I’m unsure if you all have heard of it, and I’m probably a little late with this one but I watched Priceless this weekend. It’s about a man named James who is absolutely down on his luck. He lost his wife and shortly thereafter lost custody of his daughter. Desperately in need of money and in hopes of regaining custody of his daughter, James (Joel Smallbone) embarks on a cross-country delivery for cash — no questions asked.
When he discovers that he is delivering two young women, the questions in his mind begin haunting him mercilessly. When James finds himself falling for one of the women, he becomes an unlikely hero and must fight to save the innocence and lives of both of the ladies.
This movie is a tearjerker. It forces the audience to take a peak into the the realness of what women and little girls experience when they are dragged from the privacy of their homes, taken into captivity against their will. It also forced me to realize that we are all a part of the problem. You may not be an active participant in helping these sick individuals, but standing passively, never intervening or turning a blind eye is one of the reasons this continues to happen.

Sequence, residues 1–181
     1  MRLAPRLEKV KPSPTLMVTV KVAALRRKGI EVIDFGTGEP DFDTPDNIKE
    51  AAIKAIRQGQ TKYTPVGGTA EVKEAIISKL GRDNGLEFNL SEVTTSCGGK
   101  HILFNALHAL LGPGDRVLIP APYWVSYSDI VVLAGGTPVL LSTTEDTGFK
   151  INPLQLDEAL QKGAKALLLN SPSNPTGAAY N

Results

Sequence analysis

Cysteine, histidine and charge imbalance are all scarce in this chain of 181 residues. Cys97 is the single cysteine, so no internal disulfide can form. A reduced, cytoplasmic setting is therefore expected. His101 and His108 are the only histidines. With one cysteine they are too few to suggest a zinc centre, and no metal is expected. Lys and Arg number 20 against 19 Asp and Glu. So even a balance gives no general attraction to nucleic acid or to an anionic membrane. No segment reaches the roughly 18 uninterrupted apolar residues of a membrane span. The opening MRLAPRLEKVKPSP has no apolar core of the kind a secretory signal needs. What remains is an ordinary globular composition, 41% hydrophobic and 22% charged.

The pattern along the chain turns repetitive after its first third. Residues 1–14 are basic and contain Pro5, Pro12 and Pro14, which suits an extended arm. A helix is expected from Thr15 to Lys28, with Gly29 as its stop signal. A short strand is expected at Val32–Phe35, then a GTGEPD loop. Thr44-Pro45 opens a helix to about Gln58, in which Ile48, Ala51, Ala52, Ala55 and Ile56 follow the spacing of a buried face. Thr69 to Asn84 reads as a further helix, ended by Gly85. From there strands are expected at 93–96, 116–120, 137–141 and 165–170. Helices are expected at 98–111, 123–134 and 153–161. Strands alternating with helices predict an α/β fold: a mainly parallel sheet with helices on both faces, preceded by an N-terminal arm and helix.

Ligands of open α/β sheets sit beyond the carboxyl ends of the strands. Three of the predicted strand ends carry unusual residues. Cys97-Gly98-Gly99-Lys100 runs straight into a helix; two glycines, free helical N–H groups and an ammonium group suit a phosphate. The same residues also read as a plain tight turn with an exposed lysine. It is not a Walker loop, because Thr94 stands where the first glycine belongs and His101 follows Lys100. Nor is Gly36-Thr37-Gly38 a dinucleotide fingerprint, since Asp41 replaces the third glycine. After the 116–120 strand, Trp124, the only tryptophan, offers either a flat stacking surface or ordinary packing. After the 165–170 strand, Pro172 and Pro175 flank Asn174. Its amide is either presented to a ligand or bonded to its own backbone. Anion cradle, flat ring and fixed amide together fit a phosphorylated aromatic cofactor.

I don’t know about you but that is not how I want to be remembered. I don’t want to be remembered as the complacent generation who carried on, business as usual. Why is it so easy for us to turn a blind eye to individuals who need us? I know we all have our own struggles in life and its so much easier to tuck your tail and hide. But how does that feel? Are you proud of that? And is your situation worse than what these people experience daily?
This movie inspired me to look into ways that I can help in my own community and I encourage the same to all of you. No, I will not be able to prevent this from happening on my own but it wouldn’t hurt to start somewhere. I encourage all of you to watch this movie when you have a little free time and bring some Kleenex. Sadly, this is something that will continue to happen until we all decide to do something about it. No one should be forced to succumb to this. Remember, “She’s worth it.”
A man who stands for nothing will fall for anything.–Malcom X
Photo credit to IMDB Photo Link
Free the Captives Free the Captives is a faith-based nonprofit fighting teenage human trafficking in Houston. The average age of girls being trafficked is between the ages of 12 to 14 years old. We engage and mobilize the Christian community while partnering with non-profits, law enforcement, and government agencies in the fight against modern day slavery. Our goal is to combat teenage sex trafficking through engaging and equipping our volunteers. Get involved today!